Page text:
An artist's conception of 2003 UB313
(c)2005 Tony Dunn

The 10th Planet

In July 2005, Caltech astronomer, Mike Brown announced the discovery of our solar system's "10th Planet." The simulation TNO.gsim uses numbers generated by JPL Horizons Ephemeris Computation Service . It shows the "planet" 2003 UB313 orbiting the Sun beyond the orbits of Neptune and Pluto. This simulation also contains two other recently-discovered bodies slightly smaller than Pluto. 2003 EL61 and 2005 FY9 also orbit the Sun in the vicinity of Pluto. For perspective, the outer planets and Quaoar and Sedna, two large Trans-Neptunian Objects slightly smaller than Pluto, are also included.

2003 UB313 has revived the debate about whether Pluto should be considered a planet.

When 2003 UB313was first discovered, its nominal orbit was in a 17:5 resonance with Neptune. Its orbit was refined after more observations were made. Its current nominal orbit does not show any resonance. The following screen shot uses a rotating frame to illustrate this resonance.

Unlike the 3:2 resonance that Pluto shares with Neptune, 2003 UB313's resonance appears to be very precise. At any given instant Pluto is orbiting a little too fast or too slow for a perfect 3:2 resonance. But Neptune's influence speeds up Pluto by a small amount at times, and slows it down at other times, ensuring that its resonance averages exactly 3:2 over long periods of time. This helps to ensure that they will never collide.

But 2003 UB313's resonance with Neptune is nearly perfect. Is it a coincidence that 2003 UB313's orbit is in such a perfect resonance with the orbit of Neptune? If an outside influence were to perturb this resonance, would Neptune's influence ensure that the resonance was not broken?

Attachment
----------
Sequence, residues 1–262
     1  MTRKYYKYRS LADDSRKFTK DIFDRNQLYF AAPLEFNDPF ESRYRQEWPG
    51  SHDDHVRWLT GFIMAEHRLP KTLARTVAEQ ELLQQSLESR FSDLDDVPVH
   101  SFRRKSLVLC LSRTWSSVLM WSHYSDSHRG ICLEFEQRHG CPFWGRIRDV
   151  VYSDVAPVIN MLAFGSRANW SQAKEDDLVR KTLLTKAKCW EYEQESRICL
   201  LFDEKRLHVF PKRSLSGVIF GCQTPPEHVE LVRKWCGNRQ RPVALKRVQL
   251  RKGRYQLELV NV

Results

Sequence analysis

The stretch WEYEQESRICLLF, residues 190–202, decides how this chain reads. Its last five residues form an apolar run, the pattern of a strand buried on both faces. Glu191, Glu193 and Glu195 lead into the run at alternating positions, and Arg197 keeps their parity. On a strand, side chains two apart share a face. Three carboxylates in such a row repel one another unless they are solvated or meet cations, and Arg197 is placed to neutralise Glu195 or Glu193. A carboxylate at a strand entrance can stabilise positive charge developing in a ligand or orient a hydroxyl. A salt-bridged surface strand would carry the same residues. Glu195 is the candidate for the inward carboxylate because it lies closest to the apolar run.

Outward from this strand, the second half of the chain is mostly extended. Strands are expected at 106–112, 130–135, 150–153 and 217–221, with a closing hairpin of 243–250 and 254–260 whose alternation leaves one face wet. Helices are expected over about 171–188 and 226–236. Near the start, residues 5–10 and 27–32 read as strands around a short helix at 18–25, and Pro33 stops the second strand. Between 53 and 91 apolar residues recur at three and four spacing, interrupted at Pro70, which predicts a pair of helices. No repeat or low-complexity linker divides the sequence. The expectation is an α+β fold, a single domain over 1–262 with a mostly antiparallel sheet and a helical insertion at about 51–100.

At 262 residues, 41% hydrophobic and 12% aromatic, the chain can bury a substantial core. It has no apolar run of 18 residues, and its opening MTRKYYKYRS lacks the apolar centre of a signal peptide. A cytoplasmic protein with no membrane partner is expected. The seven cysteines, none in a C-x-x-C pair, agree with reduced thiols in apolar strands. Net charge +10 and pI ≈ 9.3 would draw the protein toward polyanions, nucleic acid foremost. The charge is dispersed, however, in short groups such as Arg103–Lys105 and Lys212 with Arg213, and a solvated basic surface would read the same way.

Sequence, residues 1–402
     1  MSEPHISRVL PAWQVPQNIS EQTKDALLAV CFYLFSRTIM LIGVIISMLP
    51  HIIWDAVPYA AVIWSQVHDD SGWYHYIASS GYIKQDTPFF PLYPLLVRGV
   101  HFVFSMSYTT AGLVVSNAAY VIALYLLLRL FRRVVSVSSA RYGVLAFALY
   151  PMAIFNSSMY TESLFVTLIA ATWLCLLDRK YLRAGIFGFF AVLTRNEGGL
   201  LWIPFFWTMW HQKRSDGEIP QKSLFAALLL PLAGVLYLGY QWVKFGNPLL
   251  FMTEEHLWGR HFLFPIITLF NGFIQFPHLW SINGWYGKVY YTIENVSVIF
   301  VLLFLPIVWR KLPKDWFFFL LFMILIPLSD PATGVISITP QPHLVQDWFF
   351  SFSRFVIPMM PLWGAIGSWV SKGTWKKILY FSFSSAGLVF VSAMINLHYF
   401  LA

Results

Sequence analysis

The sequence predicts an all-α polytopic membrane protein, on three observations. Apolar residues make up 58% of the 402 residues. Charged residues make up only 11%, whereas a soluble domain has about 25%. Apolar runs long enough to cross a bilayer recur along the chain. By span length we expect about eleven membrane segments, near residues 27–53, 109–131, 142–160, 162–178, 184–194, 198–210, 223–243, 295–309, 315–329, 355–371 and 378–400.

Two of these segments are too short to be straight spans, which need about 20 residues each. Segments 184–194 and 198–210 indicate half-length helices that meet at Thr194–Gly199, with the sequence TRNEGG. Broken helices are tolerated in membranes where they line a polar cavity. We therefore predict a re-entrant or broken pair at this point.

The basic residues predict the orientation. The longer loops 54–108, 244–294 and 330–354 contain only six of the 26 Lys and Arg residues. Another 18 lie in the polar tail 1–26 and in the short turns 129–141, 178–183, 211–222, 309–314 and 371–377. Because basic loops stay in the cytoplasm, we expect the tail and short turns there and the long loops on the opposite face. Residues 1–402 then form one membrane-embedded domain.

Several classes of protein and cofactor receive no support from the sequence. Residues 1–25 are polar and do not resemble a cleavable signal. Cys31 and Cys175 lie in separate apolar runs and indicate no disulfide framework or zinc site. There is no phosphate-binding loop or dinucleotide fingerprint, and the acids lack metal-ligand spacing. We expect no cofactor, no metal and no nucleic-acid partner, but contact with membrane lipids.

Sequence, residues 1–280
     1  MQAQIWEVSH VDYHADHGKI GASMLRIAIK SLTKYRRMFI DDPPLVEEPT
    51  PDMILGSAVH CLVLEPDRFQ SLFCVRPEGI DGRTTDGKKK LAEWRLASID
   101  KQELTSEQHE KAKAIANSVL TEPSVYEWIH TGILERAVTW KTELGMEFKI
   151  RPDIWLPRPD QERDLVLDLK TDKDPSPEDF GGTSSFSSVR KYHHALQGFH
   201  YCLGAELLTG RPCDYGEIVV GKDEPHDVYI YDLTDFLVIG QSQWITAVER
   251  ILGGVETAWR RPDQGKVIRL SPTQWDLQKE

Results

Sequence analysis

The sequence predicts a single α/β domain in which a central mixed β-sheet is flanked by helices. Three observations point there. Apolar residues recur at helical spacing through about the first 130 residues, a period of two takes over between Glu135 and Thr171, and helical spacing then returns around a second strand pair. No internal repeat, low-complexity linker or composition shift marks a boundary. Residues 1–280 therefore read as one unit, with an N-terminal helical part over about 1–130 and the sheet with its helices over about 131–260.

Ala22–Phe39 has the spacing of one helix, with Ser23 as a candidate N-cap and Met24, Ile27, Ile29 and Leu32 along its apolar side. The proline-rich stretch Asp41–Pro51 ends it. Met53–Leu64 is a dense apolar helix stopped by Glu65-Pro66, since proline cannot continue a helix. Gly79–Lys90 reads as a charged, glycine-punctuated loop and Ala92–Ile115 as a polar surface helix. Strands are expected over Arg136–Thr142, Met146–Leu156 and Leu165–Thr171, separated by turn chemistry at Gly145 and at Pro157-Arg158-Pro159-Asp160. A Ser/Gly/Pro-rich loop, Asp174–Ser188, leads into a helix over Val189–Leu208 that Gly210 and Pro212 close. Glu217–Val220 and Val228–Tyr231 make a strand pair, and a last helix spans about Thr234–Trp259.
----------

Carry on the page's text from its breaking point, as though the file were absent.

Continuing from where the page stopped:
To find out, I perturbed the orbit of 2003 UB313 by boosting its orbital velocity by 1 meter per second at perihelion. This was just enough to destroy the perfect 17:5 resonance. But Neptune provided enough influence to ensure that 2003 UB313's resonance continued to average exactly 17:5 over long periods of time. As 2003 UB313 travels a little too fast and its perihelion begins to advance on Neptune's position, Neptune pulls it into a slightly slower orbit. It's perihelion now recedes from Neptune until its perihelion begins approaching Neptune from the other side. Neptune then pulls it into a slightly faster orbit causing it to retreat once more. This repeats indefinitely. Neptune and 2003 UB313 are locked in their 17:5 resonance.

This animation shows how 2003 UB313 's resonance with Neptune oscilates after being perturbed by only 1 meter per second.

To simulate this resonance yourself, download the simulation NeptuneUB313.gsim.

(You need to have the program Gravity Simulator installed on your computer first. Click Here to download Gravity Simulator.)

2005 FY9 also seems to be in an 11:6 resonance with Neptune. Its repeating pattern also seems to suggest it is locked in this resonance.

To simulate this resonance yourself, download the simulation neptuneFY9.gsim.

Download TNO.gsim

(You need to have the program Gravity Simulator installed on your computer first. Click Here to download Gravity Simulator.)